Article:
By 1864 the Cockrem Guide (16) has the cave closed. “Permission from Sir L Palk , guides and candles necessary . The cavern may be examined by applying at the Manor Office, near the Baths.”

In 1865 a committee was formed by the British Association to organise the excavations. It consisted of Sir Charles Lyell, Professor Phillips, Sir John Lubbock, John Evans, E. Vivian and William Pengelly. Nearly £2000 was spent during the next 15 years. The work was carried out under the direction of W. Pengelly. Each year a report was made and presented to the British Association (16 reports in total). Superintendents oversaw the work and kept keys. Visits to the digs by ordinary travellers were only made with workmen present.

MacEnery had previously found four distinctive deposits, with contents of charcoal, shells, ornaments, teeth of lion, bear etc and beneath these the fifth deposit was crystalline stalagmite,12 feet thick in one place(23) and the sixth layer of cave earth or breccia. The 5th deposit had only bear bones, the sixth- lion, bear, fox and man. “Man existed in Devonshire at a remote time uncalculated”.

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South Entrance in the 1860’s 

Charles Keeping, whose brother was a well known fossil collector, and George Smerdon, were hired in March1865. “Tuesday March 28th. The workmen had broken ground outside the cavern for the purpose of cutting a roadway through a talus of earth and stones, which almost closed the southern (arched) entrance, which for the present is to be the entrance used exclusively by the superintendents and the workmen the visitors and guide being confined to the northern entrance.”(27). This access was changed to the Southern Entrance (by Sir L Palk).

W. Pengelly spent 5 hours a day at the cavern, and the workmen employed were George Smerdon and John Farr. In the 6th Report to the Committee (1870) the workmen were excited! “A pound of candles (16 to the pound) were hung in their usual places. By 3’o clock 12 were missing, cutting marks rather than a gnawing of the wicks was noticed (rats were a problem). Before they left all the candles had disappeared!”

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William Pengelly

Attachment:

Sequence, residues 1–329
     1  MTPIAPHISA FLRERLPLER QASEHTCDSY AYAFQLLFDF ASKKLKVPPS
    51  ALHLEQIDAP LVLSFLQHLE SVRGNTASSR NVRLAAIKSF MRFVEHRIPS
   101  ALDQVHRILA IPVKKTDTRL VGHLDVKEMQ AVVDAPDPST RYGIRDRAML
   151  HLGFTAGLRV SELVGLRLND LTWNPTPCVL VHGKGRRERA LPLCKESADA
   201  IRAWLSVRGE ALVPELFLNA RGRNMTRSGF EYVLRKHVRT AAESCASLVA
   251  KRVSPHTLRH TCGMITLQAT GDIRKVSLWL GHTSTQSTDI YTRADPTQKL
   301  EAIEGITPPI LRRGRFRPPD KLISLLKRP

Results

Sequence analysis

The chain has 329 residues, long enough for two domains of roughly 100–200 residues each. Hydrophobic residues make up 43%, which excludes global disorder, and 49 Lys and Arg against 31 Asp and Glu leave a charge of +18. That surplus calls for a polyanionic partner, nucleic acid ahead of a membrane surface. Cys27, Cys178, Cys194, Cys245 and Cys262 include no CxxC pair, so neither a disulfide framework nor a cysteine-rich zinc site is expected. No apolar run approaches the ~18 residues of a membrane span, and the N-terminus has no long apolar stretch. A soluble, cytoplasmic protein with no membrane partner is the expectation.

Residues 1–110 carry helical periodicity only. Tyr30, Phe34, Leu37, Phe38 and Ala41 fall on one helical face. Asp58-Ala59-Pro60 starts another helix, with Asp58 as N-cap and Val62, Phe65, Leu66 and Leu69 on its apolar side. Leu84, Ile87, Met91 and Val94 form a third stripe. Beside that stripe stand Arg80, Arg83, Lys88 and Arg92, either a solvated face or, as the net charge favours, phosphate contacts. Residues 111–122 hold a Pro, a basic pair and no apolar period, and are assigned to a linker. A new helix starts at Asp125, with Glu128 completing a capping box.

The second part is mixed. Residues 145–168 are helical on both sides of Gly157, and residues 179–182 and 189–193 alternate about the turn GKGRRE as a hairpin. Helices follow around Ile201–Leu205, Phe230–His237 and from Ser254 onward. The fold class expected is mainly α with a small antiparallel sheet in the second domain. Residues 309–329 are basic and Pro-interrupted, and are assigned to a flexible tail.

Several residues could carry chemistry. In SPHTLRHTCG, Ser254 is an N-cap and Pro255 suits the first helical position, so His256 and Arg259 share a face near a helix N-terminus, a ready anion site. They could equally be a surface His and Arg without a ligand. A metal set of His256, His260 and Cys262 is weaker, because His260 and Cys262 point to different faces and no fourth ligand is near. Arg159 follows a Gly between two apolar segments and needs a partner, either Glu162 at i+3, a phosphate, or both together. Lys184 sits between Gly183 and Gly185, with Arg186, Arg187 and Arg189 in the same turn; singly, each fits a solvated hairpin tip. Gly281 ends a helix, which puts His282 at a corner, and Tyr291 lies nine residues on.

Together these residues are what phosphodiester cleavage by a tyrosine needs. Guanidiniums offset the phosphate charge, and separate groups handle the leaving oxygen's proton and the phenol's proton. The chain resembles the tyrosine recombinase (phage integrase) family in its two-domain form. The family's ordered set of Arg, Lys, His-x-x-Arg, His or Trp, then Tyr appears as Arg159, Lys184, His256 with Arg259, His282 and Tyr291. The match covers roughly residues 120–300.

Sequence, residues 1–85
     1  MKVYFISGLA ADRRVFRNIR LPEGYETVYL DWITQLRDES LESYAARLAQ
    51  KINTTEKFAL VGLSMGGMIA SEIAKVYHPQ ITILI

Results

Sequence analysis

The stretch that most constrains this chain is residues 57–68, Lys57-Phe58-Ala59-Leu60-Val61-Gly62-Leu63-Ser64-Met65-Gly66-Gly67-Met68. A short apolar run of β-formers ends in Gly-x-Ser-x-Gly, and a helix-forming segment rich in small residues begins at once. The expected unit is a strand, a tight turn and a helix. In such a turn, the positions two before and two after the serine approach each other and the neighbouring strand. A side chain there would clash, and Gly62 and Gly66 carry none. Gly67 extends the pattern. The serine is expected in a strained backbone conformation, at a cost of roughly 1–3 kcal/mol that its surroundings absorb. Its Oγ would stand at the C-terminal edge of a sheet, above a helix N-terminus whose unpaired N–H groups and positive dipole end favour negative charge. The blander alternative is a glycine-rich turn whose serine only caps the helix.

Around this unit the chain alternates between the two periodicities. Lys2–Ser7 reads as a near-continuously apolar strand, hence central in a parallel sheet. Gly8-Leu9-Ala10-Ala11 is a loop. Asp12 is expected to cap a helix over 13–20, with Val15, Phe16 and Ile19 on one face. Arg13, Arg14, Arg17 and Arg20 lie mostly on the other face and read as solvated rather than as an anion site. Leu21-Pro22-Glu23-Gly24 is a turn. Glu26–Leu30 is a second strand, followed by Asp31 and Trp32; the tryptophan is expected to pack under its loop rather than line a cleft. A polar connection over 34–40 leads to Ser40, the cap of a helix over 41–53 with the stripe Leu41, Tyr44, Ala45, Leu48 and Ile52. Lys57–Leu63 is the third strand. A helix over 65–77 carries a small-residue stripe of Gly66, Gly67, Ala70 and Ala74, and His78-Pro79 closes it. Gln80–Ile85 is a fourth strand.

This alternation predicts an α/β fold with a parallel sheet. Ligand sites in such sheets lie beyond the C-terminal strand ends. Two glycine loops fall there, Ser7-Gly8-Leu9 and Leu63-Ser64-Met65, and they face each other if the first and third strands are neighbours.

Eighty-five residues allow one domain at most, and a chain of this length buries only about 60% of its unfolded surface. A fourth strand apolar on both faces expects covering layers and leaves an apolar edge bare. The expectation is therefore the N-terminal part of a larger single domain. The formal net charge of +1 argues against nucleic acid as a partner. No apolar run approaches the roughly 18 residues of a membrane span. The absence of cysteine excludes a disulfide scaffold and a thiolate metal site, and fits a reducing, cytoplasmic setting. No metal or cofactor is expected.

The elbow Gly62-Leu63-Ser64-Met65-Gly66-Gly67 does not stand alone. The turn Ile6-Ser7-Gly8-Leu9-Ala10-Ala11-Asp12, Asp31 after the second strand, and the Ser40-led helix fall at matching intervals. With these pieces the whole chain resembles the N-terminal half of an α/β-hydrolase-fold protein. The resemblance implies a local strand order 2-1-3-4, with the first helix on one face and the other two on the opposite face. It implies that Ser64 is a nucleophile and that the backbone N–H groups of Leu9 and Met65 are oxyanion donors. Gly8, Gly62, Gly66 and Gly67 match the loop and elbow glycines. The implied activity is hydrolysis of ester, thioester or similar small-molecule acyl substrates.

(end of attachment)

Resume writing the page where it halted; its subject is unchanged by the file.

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South Entrance 1869t5 1925

The whole of the cavern was divided into cubic yards (3x1x1feet). To each cubic yard a box was devoted, and all the finds placed within. There were 4000 by Dec. 1866 and 7340 by 1880! Thus a scientific analysis of the cavern was carried out. (There is now a survey of these boxes, showing their location in the cavern).

“After a party had been taken through the cavern a lady said to Pengelly.’’ Do you think Mr Pengelly that this is more than 4000 years old?” “Yes madam. I think you may add another nought to that number and still another. In fact you can make it as noughty as you like”. (26).

The TNHS needed new premises and by 1873 had agreed on a site in Torwood Road , completed in 1875 and moved into by 1876.

Post 1871 Besley’s Handbook (17) indicates permission must be obtained from the agents of Sir L. Palk or of the committee of the Torquay Natural History Society.

Editions of John Murray’s Handbook for travellers in Devon and Cornwall appeared in 1872 (or earlier) (18). “Permission from No.1. Victoria Cottages, Abbey Road- a guide with a torch required. Charge 3/- and visitors who desire a good light should provide their own.” John Clinnick, a workman, discovered a chamber in 1875,and this was named after him. Nicholas Luscombe, employed at this time, became ill and William Matthews took his place. Matthew’s Passage was found 1876.
W. Pengelly gave many lectures, and one at Glasgow in 1875 described his thoughts on the antiquity of man. “I have gone to Kent’s Cavern every day of my life from the 28th March 1865, up to the present day, excepting those rare instances when I am home. I have had the pleasure of taking into Kent’s Cavern a great many distinguished men, amongst them my distinguished friend Sir William Thomson. There is a malicious story current about Torquay, to the effect that one day I was unable to go to the cavern, and my boots were met walking out of their own accord!” (28).His story continues, “We are careful not to give orders for any person to see the cavern, except with a guide, but not to where the work is in progress .The reason is we once did give an order to two young men, and they foolishly put a Roman coin into the deposits, and our workmen dug it out. I came by appointment to meet my young friends, when the foreman came aside to me and said “This is very disagreeable to us. These gentlemen must have put this coin in the deposit. It is quite bright.” I looked at it, and handing it to the gentlemen said “Will you be so good as to take your coin. It has done all the work you intended” From that time we have passed a self-denying ordinance, never again to give anyone an order to see the cavern.” I hold that scientific investigation should not be undertaken with any theological bias ,but that it must and should be undertaken with a religious regard for truth and accuracy, and hence the care we bestow and the restrictions we make”.

In 1880 the excavations were ceased by Pengelly, and George Smerdon eked out a living for the next 7 years showing around visitors. Smerdon received a small pension and was the custodian of the cavern, together with his son-inlaw Francis Powe. The South Entrance had a door, wall and bench and Topsy the donkey (seen in postcards by 1900). The North Entrance still showed as a wooden grill in paintings. When George was ill his son-in-law Francis Powe took over duties .George died in 1889, and Francis Powe then rented the cave from the Haldon Estate.